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ANOVA for count data

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  • #47315

    Fonseca
    Participant

    I need to perform a “two-way ANOVA” but my response data are count (number of defects). Even if tha ANOVA assumptions are satisfied, is there any risk in using it with count data ?  Could you tell me if there is a better statistical procedure to use in this case ?
    Thank you,
    Marcelo

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    #157685

    Snow
    Participant

    Use anova with a continous response variable (s) Y and more than 2  levels for a discreet X…..i dont believe your anova is correct here…i believe you are looking for something more in line with a chi square test….good luck.

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    #157688

    Fonseca
    Participant

    Thanks.
    In fact, I need to study possible interactions, what I cannot do if I use Chi-Sq.  I have more than 2 levels for each one of the 2 factors.

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    #157694

    Contingency tables
    Participant

    Do some research on categorical data analysis, in particular three-way contingency tables (to start with). Potentially the Cochran-Mantel-Haenszel-Test (2x2xk table) may work for you. Otherwise check for logit models. Finally, loglinear models for contingency tables are also an option. Two-factor interaction terms will be okay to analyze with these tools. With three-factor interaction it’ll become complicated.

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    #157696

    Fonseca
    Participant

    Thank you.  It is a completely new procedure to me. I am not sure if I can find a statistical package that is able to help me with it. But I will try for sure.
     

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    #157701

    Craig
    Participant

    I have seen ANOVA used on Likert data (a rating scale from 1 to 7 as an example). I once did a 4 factor DOE and the response was the number of solder balls on the surface of a PCB (near a through-hole connector) The DOE software used was Design Expert. All model adequacy checks were satified in terms of residuals analysis, etc.
    My humble opinion is that it is safe to use ANOVA for your data as long as you satisfy the conditions of normally distributed residuals, etc.
     

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    #157706

    Contingency table
    Participant

    Marcelino,
    it would be helpful to see the first 5 or 6 rows of your data including the columns. Also, wiith two-way ANOVA you may run into problems if you have an unbalanced design. You’ll get an error message in Minitab if you use that option and the design is not balanced.
    Hacl,
    Likert scale data has an underlying scale. In this respect it is not count data. You can make the assumption that the underlying scale is ordinal or interval. There are arguments for both. Also, a true Likert scale is more than just the 1 thru 7 response categories. Likert scales need to be validated and require scaling procedures. They are, however, never discussed, so that we are now taught (even in Phd level methodology classes) that the response options 1 – 7 are what makes the Likert scale a “scale”. Not a big deal, but at least it should be mentioned.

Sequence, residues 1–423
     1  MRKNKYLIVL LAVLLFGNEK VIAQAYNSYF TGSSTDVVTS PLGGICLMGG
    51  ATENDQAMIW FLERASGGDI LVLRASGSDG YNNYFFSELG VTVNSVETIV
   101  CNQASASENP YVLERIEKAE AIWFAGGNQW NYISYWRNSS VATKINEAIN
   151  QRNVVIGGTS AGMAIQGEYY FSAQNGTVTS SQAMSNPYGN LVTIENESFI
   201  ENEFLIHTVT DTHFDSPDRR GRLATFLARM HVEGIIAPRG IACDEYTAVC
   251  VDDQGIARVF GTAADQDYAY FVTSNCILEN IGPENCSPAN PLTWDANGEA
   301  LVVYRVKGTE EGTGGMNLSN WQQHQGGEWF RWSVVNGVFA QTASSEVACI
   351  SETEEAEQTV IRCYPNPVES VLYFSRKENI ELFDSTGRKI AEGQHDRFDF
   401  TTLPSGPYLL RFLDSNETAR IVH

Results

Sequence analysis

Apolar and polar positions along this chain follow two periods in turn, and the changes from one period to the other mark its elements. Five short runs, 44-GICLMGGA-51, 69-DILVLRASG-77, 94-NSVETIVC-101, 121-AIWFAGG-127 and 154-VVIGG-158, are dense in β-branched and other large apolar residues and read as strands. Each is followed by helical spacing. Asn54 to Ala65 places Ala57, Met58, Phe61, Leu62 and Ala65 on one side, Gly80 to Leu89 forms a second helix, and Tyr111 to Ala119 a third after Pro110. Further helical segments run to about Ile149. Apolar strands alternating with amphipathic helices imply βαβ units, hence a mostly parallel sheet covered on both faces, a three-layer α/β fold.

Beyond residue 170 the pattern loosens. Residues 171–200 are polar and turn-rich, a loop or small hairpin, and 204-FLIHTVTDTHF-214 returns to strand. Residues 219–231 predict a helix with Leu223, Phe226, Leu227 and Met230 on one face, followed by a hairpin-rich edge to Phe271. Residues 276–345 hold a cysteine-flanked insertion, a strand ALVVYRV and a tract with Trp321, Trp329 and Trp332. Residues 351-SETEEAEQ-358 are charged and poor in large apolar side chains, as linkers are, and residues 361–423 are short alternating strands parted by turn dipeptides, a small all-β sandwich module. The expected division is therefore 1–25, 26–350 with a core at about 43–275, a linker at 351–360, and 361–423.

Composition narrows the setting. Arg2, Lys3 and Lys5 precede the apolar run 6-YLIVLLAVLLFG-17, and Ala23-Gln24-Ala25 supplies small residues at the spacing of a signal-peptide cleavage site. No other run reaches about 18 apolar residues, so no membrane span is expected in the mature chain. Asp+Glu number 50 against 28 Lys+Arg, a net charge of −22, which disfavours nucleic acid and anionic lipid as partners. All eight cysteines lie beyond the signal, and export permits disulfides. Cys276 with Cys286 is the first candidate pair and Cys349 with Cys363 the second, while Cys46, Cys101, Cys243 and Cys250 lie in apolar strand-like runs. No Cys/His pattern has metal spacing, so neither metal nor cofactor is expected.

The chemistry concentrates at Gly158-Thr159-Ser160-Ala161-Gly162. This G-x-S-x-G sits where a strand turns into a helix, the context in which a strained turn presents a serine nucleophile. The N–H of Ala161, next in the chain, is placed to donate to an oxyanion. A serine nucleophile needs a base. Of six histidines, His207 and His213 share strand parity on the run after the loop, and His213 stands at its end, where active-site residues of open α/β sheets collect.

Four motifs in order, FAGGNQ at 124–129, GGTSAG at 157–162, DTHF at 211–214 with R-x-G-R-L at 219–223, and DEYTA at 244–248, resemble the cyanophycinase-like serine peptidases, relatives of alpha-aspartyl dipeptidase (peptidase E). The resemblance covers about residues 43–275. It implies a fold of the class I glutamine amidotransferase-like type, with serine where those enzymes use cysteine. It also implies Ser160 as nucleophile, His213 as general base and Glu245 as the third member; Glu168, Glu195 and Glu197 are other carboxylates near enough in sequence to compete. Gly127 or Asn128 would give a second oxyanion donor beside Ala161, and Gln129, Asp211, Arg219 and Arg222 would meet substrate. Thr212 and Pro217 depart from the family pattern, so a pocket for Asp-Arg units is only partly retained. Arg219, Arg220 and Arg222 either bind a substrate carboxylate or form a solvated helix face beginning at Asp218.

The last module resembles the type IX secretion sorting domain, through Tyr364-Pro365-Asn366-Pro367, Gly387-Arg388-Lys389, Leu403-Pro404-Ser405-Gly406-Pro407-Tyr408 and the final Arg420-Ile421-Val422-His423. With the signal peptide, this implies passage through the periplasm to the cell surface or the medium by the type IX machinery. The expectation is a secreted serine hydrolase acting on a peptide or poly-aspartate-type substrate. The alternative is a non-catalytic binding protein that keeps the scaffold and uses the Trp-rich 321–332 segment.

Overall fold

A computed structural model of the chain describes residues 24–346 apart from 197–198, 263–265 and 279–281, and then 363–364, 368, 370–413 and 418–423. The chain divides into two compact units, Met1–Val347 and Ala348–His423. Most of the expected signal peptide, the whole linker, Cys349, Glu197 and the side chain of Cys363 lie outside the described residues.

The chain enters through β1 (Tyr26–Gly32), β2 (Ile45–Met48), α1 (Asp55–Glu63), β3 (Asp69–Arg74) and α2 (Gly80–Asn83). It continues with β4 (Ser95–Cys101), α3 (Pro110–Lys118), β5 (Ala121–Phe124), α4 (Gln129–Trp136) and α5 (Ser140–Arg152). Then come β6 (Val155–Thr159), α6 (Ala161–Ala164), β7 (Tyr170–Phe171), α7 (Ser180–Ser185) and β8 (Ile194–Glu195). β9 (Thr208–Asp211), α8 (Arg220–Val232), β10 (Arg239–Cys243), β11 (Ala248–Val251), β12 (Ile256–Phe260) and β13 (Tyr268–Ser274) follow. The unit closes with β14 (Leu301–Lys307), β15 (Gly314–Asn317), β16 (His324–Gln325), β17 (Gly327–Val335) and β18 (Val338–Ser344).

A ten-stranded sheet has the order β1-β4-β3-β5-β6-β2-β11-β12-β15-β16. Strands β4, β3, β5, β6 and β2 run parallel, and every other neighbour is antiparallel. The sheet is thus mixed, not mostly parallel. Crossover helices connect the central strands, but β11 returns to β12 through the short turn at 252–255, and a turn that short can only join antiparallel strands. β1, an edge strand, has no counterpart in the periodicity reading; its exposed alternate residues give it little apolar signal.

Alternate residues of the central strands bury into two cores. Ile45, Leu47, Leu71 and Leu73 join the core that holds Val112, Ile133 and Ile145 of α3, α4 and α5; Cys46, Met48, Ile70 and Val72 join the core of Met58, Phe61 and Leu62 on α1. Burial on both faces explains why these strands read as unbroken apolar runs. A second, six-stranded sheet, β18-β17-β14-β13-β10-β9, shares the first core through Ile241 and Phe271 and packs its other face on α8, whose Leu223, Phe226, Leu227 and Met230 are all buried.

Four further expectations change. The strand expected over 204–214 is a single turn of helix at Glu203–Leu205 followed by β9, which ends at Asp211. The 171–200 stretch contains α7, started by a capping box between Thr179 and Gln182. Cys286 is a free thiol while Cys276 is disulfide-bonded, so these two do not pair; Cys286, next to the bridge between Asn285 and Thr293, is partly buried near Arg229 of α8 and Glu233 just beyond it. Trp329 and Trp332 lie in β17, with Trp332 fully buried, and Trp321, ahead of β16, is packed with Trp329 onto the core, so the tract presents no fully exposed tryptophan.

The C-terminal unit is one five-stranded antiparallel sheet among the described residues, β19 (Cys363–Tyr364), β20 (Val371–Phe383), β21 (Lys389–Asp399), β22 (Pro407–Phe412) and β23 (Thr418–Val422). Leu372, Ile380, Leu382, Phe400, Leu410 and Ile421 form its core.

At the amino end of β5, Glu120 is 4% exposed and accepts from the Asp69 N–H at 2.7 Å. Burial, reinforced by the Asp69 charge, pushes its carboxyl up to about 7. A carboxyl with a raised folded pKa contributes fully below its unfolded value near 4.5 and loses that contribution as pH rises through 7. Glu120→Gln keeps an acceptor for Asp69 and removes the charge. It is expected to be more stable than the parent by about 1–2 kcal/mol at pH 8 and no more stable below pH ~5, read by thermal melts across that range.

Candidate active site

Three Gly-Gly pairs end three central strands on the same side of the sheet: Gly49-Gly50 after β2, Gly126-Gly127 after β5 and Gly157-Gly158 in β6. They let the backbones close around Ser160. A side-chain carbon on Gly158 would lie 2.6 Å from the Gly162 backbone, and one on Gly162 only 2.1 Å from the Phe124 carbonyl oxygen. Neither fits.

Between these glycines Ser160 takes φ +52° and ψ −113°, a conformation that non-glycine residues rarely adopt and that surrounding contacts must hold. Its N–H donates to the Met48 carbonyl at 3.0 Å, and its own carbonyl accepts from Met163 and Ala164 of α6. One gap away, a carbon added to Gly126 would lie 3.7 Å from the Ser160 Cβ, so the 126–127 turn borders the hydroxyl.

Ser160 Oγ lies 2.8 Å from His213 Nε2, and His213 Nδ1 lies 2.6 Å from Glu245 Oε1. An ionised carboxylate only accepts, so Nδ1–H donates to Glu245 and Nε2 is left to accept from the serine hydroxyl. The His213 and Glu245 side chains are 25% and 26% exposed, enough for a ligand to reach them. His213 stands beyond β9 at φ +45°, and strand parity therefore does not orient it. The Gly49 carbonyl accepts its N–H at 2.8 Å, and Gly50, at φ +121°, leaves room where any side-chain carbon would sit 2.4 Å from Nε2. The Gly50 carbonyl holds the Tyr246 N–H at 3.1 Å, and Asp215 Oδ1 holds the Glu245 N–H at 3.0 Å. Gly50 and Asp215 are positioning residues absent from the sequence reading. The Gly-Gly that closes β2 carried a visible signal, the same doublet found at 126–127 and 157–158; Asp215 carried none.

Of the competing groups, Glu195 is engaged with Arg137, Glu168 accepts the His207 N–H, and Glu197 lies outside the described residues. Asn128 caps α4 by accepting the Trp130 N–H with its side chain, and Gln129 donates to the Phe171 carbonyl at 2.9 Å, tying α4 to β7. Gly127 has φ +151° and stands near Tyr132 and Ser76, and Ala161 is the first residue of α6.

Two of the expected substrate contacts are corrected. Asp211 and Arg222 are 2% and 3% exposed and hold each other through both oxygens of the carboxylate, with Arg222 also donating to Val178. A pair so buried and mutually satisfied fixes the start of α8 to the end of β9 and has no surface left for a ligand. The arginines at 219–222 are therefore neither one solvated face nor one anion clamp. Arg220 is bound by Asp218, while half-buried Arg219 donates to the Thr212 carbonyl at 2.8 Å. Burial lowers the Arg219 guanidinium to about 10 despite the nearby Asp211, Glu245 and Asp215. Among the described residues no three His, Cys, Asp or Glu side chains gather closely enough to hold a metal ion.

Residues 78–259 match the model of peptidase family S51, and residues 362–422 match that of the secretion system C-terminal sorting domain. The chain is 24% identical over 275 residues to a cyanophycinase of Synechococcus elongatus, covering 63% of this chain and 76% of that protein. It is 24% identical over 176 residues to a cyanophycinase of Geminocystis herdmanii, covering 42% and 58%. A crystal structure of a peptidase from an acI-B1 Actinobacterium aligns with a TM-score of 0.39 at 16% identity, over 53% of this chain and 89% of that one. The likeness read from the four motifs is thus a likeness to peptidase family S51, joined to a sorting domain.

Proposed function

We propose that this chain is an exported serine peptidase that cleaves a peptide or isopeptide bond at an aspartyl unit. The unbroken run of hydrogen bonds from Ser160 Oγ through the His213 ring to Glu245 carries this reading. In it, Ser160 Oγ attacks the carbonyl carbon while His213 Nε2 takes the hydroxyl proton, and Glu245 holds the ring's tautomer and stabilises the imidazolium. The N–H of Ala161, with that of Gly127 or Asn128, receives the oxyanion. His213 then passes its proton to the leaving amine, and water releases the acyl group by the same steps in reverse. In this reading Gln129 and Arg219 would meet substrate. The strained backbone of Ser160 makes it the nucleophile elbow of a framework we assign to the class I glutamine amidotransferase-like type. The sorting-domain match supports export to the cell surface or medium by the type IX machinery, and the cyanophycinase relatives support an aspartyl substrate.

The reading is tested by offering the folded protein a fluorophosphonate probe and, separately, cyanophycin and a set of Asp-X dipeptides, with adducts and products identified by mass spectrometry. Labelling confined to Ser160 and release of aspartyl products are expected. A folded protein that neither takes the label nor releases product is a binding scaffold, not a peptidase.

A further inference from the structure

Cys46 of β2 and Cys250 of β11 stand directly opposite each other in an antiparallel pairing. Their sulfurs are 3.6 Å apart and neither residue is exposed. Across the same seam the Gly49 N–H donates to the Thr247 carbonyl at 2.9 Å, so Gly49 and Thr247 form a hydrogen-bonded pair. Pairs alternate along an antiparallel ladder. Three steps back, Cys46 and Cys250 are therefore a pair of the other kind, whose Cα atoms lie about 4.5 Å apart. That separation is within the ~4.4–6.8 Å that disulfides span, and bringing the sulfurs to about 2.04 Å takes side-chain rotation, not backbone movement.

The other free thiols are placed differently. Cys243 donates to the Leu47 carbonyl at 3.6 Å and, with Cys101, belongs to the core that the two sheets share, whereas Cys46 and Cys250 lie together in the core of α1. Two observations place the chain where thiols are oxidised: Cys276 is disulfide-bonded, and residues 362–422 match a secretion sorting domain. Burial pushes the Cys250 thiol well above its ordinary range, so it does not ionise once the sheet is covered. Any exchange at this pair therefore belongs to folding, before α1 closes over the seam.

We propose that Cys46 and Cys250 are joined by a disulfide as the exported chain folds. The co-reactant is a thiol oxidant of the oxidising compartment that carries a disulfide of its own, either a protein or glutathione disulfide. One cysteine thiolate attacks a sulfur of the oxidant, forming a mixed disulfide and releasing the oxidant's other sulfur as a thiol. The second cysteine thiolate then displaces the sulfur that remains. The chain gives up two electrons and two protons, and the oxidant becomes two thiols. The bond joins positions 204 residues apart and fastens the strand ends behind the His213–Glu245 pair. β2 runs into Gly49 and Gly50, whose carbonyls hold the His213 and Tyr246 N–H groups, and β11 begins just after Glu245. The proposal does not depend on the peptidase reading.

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    #157707

    Contingency table
    Participant

    Marcelino,
    One more comment: If you run your data as an ANOVA make sure to also take into consideration if you are dealing with fixed or random factors. This may make a difference in your critical F-value and subsequent p-value calculation.

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    #157713

    Fake Gary Alert
    Participant

    Please  guide me on how  to  calculate  the  P-Value,thanks

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    #157714

    Fake Gary Alert
    Participant

    What  do you  suggest  to  calculate  the  figueres in  the  ANOVA  table  for  better  understanding  or  just  to  use the  Minintab?

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    #157734

    Fonseca
    Participant

    Thank you, “Contingency”.
    I will use one of my factors as a random factor.
     

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    #157747

    Craig
    Participant

    Contingency Table,
    Thanks for the inputs. I suppose I was illustrating examples of using non-continuous data (Counts, likert scales, etc.)
    Your point about the Likert scales sounds interesting. If you could, elaborate on it using this example:
    I want to do a DOE where “discoloration” is my response. If I classify the levels of discoloration from 1 to 7 where 1 is perfect and 7 is worst case, is this ordinal? If I can safely do ANOVA with this response, can I also do ANOVA on count data where this also might be classified as ordinal? (the more defects, the worse it is)
    Thanks,
    HACL

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    #157755

    Contingency table
    Participant

    hacl,